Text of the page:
Appeal brought on 5 June 2019 by Inpost Paczkomaty sp. z o.o. against the judgment of the General Court delivered on 19 March 2019 in Joined Cases T-282/16 and T-283/16 Inpost Paczkomaty and Inpost v Commission

(Case C-431/19 P)

Language of the case: Polish

Parties

Appellant: Inpost Paczkomaty sp. z o.o. (represented by: D. Doktór, radca prawny)

Other parties to the proceedings: European Commission, Republic of Poland

Form of order sought

The appellant claims that the Court should:

set aside the judgment of the General Court;

annul the decision;

order the Commission to pay the costs of the present proceedings and of the proceedings before the General Court.

Grounds of appeal and main arguments

First ground of appeal, alleging infringement of Article 106(2) TFEU, in so far as the General Court incorrectly held that the requirements set out in point 19 (Section 2.6) of the [European Union] framework [for State aid in the form of public service compensation (2011)] had been met, infringement of the Treaty principles on public procurement (principles of non-discrimination, equal treatment and transparency) and incorrect interpretation of Article 7(2) of Directive 97/67/EC (‘the Postal Services Directive’).

The methods of financing the provision of universal services applied by the Member States must be consistent with the principles of non-discrimination, transparency and equal treatment (including the choice of the provider of universal postal services by way of competition) arising from the provisions of the TFEU on internal market freedoms, and also with Article 106(2) TFEU, which is not the case in the present dispute.

Second ground of appeal, alleging infringement of Article 106(2) TFEU, in so far as the General Court incorrectly held that the requirements set out in points 14 (Section 2.2) and 60 (Section 2.10) of the [European Union] framework [for State aid in the form of public service compensation (2011)] had been met. Even supposing that the public service obligation conferred on Poczta Polska fulfils the requirements set out in the Postal Services Directive, that does not preclude the obligation to carry out a public consultation or use some other appropriate means to take into account the interests of users and service providers in order to demonstrate that the universal service requirements have been considered.

Third ground of appeal, alleging infringement of Article 106(2) TFEU, in so far as the General Court incorrectly held that the requirements set out in point 52 (Section 2.9) of the framework had been met and infringement of Article 7(1), (3) and (5) of Directive 97/67/EC. The General Court was wrong to consider that the compensation fund fulfilled the non-discrimination requirement as regards the uniform contribution rate, which amounts to a maximum of 2% of the revenue received by the providers of universal services or equivalent services required to contribute, with the result that that rate applies in a uniform way to all market operators, which is discriminatory since the situation of the providers of universal services and that of the providers of equivalent services are not the same. The General Court was also wrong to consider that the compensation fund satisfied the principle of proportionality.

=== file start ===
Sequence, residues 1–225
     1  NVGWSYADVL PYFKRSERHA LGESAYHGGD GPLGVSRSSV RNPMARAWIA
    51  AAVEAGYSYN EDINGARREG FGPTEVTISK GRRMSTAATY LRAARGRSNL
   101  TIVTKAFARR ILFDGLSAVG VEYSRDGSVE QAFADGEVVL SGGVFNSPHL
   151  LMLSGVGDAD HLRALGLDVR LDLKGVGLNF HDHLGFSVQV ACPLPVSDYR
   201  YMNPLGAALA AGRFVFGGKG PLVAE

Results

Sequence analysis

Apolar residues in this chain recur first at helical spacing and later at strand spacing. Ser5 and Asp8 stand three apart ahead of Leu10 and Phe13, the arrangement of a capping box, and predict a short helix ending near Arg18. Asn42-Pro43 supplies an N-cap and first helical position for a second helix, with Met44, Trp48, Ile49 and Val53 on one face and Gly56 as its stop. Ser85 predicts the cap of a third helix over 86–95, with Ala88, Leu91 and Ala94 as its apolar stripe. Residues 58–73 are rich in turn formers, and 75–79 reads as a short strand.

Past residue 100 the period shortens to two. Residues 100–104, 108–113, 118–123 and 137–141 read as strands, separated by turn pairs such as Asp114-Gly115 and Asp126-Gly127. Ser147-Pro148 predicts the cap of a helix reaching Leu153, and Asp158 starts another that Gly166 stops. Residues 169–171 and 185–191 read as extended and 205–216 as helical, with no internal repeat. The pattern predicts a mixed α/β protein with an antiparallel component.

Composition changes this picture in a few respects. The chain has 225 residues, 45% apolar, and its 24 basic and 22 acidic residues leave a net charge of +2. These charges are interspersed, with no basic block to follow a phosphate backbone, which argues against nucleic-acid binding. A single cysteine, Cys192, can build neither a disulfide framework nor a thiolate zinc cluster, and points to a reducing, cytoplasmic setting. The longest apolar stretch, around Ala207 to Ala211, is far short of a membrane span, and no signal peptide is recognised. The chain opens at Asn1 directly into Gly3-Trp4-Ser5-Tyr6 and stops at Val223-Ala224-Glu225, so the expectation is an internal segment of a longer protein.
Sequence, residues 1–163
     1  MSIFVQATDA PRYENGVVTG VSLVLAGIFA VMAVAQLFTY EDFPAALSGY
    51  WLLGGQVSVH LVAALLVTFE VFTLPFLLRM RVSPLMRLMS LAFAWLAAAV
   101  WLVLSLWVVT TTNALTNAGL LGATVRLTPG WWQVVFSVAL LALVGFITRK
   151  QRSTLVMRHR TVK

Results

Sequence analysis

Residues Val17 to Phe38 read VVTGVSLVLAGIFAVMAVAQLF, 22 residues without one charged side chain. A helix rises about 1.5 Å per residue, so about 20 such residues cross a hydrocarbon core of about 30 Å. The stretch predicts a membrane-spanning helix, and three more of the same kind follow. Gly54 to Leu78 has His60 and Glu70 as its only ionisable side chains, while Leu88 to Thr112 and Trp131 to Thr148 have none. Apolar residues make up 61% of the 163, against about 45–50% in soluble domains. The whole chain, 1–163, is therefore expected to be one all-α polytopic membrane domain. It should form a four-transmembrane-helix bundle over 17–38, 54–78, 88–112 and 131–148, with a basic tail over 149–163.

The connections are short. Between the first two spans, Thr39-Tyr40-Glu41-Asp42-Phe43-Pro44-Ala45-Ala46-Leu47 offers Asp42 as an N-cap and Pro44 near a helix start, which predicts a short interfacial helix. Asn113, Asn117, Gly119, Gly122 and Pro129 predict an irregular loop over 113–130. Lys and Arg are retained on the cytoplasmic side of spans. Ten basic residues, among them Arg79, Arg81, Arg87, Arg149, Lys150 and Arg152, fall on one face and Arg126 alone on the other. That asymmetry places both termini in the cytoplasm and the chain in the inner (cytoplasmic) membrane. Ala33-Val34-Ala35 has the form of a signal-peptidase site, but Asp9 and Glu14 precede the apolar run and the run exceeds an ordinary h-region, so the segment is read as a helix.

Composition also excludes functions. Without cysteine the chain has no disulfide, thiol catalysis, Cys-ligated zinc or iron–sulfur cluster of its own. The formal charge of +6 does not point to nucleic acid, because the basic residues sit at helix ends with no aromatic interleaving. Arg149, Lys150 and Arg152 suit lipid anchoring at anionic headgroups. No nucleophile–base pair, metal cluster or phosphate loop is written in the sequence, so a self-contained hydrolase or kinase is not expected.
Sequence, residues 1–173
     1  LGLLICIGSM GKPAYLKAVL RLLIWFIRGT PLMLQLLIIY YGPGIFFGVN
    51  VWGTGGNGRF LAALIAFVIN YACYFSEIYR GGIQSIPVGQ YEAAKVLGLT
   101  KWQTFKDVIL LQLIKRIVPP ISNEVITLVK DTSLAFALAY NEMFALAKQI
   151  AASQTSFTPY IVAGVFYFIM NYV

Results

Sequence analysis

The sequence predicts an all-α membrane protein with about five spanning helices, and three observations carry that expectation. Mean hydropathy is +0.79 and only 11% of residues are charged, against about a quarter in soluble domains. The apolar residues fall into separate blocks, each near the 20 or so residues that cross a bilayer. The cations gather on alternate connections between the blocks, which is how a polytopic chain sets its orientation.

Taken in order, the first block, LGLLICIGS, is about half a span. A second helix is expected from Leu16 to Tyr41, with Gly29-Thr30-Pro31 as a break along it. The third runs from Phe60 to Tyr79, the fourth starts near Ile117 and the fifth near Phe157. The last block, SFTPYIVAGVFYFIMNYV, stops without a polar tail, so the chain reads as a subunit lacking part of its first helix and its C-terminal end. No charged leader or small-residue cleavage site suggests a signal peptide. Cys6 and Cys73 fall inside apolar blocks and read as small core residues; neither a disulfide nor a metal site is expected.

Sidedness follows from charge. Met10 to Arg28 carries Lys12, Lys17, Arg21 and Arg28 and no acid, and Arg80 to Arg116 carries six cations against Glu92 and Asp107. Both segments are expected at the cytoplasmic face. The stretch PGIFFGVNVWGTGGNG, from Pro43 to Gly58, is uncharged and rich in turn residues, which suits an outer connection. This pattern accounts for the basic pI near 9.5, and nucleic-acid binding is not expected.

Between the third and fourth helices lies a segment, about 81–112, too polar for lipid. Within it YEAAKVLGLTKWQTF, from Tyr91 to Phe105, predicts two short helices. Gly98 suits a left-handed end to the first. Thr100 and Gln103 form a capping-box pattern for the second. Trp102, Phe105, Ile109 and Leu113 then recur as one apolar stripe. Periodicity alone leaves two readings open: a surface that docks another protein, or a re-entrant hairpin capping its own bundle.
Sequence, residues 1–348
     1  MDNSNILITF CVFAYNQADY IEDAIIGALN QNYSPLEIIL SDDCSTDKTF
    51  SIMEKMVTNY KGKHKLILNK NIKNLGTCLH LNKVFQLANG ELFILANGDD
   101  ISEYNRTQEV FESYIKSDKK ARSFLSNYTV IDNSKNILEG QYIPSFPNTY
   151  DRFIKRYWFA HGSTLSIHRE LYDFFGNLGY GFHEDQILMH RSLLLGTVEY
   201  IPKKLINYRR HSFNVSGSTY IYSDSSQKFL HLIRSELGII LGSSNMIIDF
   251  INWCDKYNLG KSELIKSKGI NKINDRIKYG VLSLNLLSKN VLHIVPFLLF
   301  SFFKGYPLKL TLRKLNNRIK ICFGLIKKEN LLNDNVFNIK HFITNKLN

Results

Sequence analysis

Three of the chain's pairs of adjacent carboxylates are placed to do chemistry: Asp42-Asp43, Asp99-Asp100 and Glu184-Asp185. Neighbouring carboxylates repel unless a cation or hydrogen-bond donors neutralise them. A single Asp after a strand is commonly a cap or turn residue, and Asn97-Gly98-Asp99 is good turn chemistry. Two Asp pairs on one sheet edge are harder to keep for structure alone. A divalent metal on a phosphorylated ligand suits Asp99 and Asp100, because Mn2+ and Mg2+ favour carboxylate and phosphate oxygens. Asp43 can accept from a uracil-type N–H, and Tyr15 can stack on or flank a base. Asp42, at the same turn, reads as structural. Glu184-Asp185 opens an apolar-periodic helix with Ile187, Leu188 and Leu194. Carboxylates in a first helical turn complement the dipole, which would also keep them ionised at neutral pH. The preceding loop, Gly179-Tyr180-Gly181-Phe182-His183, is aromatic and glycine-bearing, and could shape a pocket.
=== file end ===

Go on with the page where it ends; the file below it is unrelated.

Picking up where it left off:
During the consultations on amending the legislation, the provisions of the compensation fund were very different from those ultimately implemented in the postal legislation, which means that it cannot be considered that the establishment of the fund was the subject of consultations. The financing conditions for the universal service do not require examination of whether the net cost incurred constitutes an unfair burden for the appointed universal service provider. The automatic link between the financing of the service and an account loss resulting from providing the universal service cannot be regarded as satisfying the requirements of the Postal Services Directive.

Fourth ground of appeal, alleging infringement of Article 7(1) of the Postal Services Directive, in so far as the General Court accepted the financing of the cost of the universal service by a certain number of exclusive and special rights conferred on Poczta Polska. Under Article 7(1) of the Postal Services Directive, Member States are not to grant or maintain in force exclusive or special rights for the establishment and provision of postal services. The exclusive and special rights conferred on Poczta Polska, contrary to the view of the General Court, are manifestly not included in the list of exceptions laid down in the Postal Services Directive.

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